Sarah Rosenblum and Noah Offenkrantz
Conestoga High School, known widely for its academic excellence and strong athletic program, has recently come into the spotlight for a less redeemable reason – hazing. A select group of players on the Conestoga football team were accused of various acts of verbal, physical, and sexual assault, including a weekly ritual called “No-Gay Thursday” in the locker room, leading to a full investigation of the school’s athletic program. As Conestoga authorities weed through the evidence, interviewing bundles of students to uncover more details about the happenings, various opinions have arisen regarding the incident. A Radnor High School Senior proclaims, “My little brother’s good friend says that the kid who reported the story is unreliable. His family is known for frivolous lawsuits and he’s been caught selling drugs in school.” Despite these allegations questioning the initial reporter’s reliability, several students have come forward to support the same accusations of physical and verbal abuse. The Chester County district attorney reported that examples of such abuse included, “upperclassmen making younger students clean the locker room in their underwear and players putting their genitals on teammates’ heads.” On these grounds, the “hazers” were charged with assault and unlawful restraint but not hazing. While Pennsylvania is one of 44 states to have anti-hazing laws, the laws only apply to college students.
The scandal in its entirety has prompted many schools to look inward and examine their own policies regarding hazing. Within Radnor High School, hazing is a level III violation. Level III violations are classified as “acts against persons or property which do not seriously endanger the health or safety of others in school.” Within the current rulebook, hazing can be punished by a variety of means ranging from parent contact to criminal prosecution depending on the offense’s severity. Nonetheless, hazing is currently not classified as a level IV violation – anything that raises a threat to the well-being of school students and/or faculty. The Radnor Township School District policy page defines hazing as “any activity that recklessly or intentionally endangers the mental health, physical health or safety of a student or causes willful destruction or removal of public or private property for the purpose of initiation or membership in or affiliation with any organization recognized by the Board.” Thus, while hazing is technically classified as a level III violation in the student handbook, the school’s definition of hazing is in direct accordance with the parameters of a level IV violation. Radnor High School goes on to specify its definition of hazing, stating endangerment to physical health as “brutality of a physical nature, such as whipping; beating; branding; forced calisthenics; exposure to the elements; forced consumption of any food, alcoholic beverage, drug, or controlled substance.” This definition of endangerment to physical health brings up several questions regarding Radnor’s current athletic program. Could the soccer team’s tradition of shaving freshman’s hair fall under the category of “branding”? Could the swimming team’s tradition of having the freshman run a lap around the track in their speedos be classified as “exposure to the elements” or “forced calisthenics”? While these questions might seem trivial, as most of the high school’s traditions are practiced in what a majority sees as “good fun,” Radnor’s policy on hazing actually blatantly states “any hazing activity, whether by an individual or a group, shall be presumed to be a forced activity, even if a student willingly participates.”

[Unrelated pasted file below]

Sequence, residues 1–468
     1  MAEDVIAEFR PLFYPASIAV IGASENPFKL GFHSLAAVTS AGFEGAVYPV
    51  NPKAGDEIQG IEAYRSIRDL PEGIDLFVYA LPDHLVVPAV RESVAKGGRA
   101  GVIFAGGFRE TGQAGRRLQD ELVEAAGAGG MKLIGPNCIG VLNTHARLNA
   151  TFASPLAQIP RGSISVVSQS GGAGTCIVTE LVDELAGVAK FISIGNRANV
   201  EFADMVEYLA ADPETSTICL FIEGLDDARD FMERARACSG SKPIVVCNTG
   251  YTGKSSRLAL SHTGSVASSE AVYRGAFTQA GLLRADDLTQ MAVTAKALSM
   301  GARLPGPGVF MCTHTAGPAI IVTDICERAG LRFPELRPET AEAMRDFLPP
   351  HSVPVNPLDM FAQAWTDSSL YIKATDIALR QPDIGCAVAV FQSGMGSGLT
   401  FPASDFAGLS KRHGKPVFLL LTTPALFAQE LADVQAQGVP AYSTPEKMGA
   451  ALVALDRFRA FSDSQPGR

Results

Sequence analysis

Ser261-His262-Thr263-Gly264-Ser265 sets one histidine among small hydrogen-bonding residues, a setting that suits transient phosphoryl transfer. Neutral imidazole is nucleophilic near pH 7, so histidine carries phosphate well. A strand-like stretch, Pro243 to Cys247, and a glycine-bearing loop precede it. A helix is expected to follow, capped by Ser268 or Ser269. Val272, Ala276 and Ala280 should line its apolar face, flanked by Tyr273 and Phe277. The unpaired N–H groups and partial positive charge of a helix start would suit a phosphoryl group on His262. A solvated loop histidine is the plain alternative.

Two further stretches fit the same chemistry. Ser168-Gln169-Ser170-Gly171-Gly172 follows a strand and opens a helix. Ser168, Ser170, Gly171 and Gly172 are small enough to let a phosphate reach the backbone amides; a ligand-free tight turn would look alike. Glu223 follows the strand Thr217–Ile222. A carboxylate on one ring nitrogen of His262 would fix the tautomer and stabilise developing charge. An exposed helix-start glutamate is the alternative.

A few freshman athletes offered their experiences and interactions with the upperclassmen. Regarding hazing itself, freshman Cate Cox says, “I was never worried about it in the first place. The only pressure I that I ever felt was to keep up athletically with the older girls, but everyone is supportive and we are lucky to have such great upperclassmen as role models.” Many of the freshman look up to the upperclassmen and generally find them to be positive influences. “We’re actually pretty lucky to have such nice seniors. I don’t think that I’ve ever felt uncomfortable – maybe just nervous sometimes when I have to play with them,” said Sarah Beth Lanzone. It is evident that the upperclassmen have a certain power over the team, which may be intimidating for some, but such power is normally derived from their greater experience and skill on the field or court. The underclassmen accept their responsibilities, just as their older teammates had before them. Sarah Beth adds, “We just have to take care of equipment as freshman.”
While taking care of equipment or taking out water is a ritual that is widely accepted by underclassmen, not all rituals are meant to be accepted simply because they are “tradition.” It is common for students to fall under the impression that something is okay simply because their peers and upperclassmen have experienced it. Conestoga’s “No Gay Thursday” tradition ran its course for three years without intervention. Underclassmen may feel that they can’t speak out when they feel uncomfortable because its common or “the norm” to be the awkward freshman. It is important that students are able to recognize when a tradition is an innocent rite of passage and when they are being violated.